Law & Human Rights, Combined Law & Human Rights in South Africa by Andrew Ablett
My name is Andrew Ablett and I have just returned from spending the most memorable 5 weeks of my life in Cape Town. When I told people that I was going to South Africa during the June-July period, they immediately assumed that I was going for the World Cup. However, I was in fact unaware of such an international event almost until I arrived. The true reasons why I choose to travel to South Africa was to engage in my passion; helping people in need. Through years of doing various forms of humanitarian work, I always felt that I wanted to do so much more. But the opportunities which Projects Abroad provided me not only fulfilled my passion, but also greatly cultivated it.
Whilst working in the Projects Abroad Human Rights Office (PAHRO) in Cape Town, I was given a multitude of ways in which I could help people in need, ranging from working with refugees in the office dealing with legal matters to social justice projects.
Aided with the appropriate amount of assistance when needed from the very helpful staff members I chose to focus on a number of projects, including anti-human trafficking, community development, raising awareness about HIV and fighting to uphold the rights of refugees. Projects Abroad opened so many doors for me, giving me the chance to live my dream each and every day, I was like a kid in a candy store.
It was during this internship that I had the privilege of meeting and working with some of the most inspiring people imaginable. One such individual was Ronnie, a HIV survivor who had battled with the virus since 2005. In 2007 Ronnie fell critically ill, the virus shut down his immune system, causing him to contract both tuberculosis and pneumonia. However through his indomitable will, Ronnie chose to live on, and to make sense of his situation by devoting his life to raising awareness about the virus so that others wouldn’t have to suffer the hardships he experienced.
Ronnie showed me what it meant to be a hero, to live on and fight in the face of something that you can never triumph over, but to fight anyway and do it with charming style and unshakable smile. His message will stay with me forever.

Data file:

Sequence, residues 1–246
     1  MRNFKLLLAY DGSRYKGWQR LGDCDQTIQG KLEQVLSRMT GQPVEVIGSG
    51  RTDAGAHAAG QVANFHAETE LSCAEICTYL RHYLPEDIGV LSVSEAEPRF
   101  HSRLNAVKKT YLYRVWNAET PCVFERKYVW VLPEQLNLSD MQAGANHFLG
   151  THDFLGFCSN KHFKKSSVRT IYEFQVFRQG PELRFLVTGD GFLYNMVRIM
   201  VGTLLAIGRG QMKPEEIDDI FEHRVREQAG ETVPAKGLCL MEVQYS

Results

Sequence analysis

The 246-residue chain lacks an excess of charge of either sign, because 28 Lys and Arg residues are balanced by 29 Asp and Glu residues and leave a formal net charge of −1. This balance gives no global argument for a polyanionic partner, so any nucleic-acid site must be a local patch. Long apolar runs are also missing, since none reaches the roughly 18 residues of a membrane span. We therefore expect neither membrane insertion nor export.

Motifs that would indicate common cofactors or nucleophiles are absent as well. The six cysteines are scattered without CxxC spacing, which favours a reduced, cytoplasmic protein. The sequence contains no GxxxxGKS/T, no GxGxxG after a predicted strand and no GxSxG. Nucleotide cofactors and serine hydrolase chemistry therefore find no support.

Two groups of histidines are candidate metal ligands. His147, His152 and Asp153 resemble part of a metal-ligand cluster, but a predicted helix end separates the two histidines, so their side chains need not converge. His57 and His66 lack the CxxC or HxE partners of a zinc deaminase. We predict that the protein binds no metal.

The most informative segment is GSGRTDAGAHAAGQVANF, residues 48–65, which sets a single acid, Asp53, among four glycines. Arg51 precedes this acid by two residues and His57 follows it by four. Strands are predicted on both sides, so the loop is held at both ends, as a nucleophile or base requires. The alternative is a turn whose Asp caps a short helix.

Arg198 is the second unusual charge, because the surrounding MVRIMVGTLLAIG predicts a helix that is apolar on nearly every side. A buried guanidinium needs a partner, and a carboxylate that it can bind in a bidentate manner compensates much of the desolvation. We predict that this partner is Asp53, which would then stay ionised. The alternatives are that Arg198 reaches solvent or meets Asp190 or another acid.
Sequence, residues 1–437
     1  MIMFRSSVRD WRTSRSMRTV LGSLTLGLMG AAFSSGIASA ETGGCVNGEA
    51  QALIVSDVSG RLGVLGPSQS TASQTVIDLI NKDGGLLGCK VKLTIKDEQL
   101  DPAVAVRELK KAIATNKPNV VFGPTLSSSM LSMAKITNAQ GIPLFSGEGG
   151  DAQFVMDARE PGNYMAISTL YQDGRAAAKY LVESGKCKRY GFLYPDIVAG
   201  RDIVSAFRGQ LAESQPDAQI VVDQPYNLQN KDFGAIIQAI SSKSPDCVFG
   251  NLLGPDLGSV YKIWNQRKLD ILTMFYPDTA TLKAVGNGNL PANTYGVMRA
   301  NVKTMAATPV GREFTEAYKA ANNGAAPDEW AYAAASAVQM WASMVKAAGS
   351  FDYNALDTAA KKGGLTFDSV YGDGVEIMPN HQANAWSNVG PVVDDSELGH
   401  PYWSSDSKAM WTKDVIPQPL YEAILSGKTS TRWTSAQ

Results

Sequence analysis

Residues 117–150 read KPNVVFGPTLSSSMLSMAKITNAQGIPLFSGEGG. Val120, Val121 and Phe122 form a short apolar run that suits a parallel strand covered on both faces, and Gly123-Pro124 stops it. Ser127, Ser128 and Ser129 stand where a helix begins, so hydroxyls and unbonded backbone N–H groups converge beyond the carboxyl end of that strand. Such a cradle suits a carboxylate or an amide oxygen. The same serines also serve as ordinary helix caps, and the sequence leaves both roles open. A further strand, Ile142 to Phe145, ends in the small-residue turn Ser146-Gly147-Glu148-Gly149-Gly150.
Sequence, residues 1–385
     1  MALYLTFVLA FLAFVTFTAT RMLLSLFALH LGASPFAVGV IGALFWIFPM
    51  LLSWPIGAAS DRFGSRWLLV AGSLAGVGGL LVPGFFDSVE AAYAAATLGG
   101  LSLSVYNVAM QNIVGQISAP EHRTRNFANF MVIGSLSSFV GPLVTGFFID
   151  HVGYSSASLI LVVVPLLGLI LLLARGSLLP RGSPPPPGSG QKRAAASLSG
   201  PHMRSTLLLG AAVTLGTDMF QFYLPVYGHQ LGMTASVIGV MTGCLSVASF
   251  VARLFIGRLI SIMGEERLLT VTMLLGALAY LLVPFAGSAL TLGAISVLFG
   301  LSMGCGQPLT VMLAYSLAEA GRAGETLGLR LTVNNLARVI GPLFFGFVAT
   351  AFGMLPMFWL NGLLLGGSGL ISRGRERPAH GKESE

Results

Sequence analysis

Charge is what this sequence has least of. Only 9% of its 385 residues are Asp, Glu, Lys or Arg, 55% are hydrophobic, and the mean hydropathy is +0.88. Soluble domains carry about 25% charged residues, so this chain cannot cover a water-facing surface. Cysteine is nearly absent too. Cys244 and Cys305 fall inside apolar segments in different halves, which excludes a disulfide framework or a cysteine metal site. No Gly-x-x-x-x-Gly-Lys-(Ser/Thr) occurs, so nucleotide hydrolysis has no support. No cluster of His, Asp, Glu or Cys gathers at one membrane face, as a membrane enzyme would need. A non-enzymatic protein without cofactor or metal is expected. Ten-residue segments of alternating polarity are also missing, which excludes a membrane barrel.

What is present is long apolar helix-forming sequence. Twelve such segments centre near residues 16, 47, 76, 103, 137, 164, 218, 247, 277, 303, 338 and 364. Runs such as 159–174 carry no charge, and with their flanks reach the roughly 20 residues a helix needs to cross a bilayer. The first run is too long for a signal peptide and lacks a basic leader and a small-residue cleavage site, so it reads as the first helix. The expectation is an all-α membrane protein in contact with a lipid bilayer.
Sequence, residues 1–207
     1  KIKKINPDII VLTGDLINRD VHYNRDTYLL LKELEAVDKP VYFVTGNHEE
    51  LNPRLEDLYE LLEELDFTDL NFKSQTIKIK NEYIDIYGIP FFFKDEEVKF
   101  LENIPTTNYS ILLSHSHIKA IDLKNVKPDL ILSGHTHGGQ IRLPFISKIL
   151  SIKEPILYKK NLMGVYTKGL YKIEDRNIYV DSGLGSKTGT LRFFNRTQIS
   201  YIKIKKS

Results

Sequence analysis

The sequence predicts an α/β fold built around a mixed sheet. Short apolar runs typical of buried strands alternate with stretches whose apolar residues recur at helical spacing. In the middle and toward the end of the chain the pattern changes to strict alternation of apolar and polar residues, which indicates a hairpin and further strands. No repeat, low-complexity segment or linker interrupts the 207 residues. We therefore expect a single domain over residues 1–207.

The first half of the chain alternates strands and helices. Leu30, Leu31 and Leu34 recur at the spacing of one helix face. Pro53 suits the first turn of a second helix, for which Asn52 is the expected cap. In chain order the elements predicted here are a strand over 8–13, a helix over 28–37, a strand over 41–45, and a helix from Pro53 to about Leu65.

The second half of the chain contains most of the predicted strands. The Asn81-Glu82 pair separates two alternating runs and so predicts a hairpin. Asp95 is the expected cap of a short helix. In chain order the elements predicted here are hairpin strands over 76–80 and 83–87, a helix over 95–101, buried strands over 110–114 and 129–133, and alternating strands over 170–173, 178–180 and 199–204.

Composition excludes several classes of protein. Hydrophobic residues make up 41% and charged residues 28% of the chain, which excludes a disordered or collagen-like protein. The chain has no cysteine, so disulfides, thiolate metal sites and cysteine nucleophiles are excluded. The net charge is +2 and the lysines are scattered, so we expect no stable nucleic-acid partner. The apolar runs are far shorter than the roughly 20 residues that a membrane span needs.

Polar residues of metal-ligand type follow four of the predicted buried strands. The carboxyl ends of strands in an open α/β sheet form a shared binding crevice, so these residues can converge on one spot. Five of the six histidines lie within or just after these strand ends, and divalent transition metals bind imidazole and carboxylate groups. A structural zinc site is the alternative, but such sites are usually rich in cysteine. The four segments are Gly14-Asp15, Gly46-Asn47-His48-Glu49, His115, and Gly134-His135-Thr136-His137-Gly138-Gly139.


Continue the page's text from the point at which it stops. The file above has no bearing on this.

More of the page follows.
Throughout my internship, I worked with over 10 different refugees. Each of my clients required assistance in a range of fields such as finding jobs, accommodation, schools for their child, educational grants and even helping them compose a CV. Relentlessly every day I worked my very best to fulfil the needs of my clients. I found this work extremely rewarding, because when I delivered I was always left with a sense of achievement knowing that I had made a meaningful difference in someone’s life. All of my clients were tremendously thankful for the work I did for them to such a point, that when I had to go home, a number of them broke into tears. The intense emotional impact this experience imprinted on me has made me realise that I want to practice law in the future.
On my final weekend, ten volunteers and I arranged for 15 kids from the township, Khayelitsha, to climb Table Mountain together. Many of the kids had never climbed Table Mountain before, which meant that it would be an experience which they would remember for the rest of their lives. I discovered that there was only one thing better than climbing Table Mountain for the first time... it’s climbing Table Mountain for the first time and sharing that first time experience with 15 other people. The experience demanded that every person worked together in a team which developed trust, communication and a family like bond. No one was left behind, everyone ensured that we all worked together and made it to the very top of the mountain as a unit. When we finally made it to the top after a 2 and a half hour tiring slog, we all bathed in the glory of what we had just achieved.
It was at the top of the mountain whilst we were enjoying the breath taking view that one of the senior leaders from Khayelitsha youth group told me the secret to success... “one bangle doesn’t jingle”; meaning that when there are 10 bangles doing their own thing in disregard to the other bangles, there will be a symphony of disjointed noise. But when all the bangles are united as one, that is to say when we all listen and empathise with each other, we are able to work together in harmony to achieve any goal desirable.
Every night I had the most welcoming and loving host family to return to. Building up a tremendous appetite throughout my eventful day, I always looked forward to an authentic and delicious South African meal which awaited me when I arrived home. My host family treated me in such a loving way which automatically made me feel no less than an actual nephew.
After working very hard in the office I found that there was no better way to counter balance the day than to party even harder on Long Street (Cape Town’s clubbing area). Cape Town has a night life like no other, and I was lucky enough to enjoy the experience with some truly amazing people. Meeting people from around the world gave me the opportunity to sample a whole range of different points of view and perspectives.
All in all, Projects Abroad provided me with a life changing experience which has both greatly altered my perspective and increased my passion to help those in need tenfold. If I had the chance to re-live the experience exactly in the same way, I would gladly do it over again and again.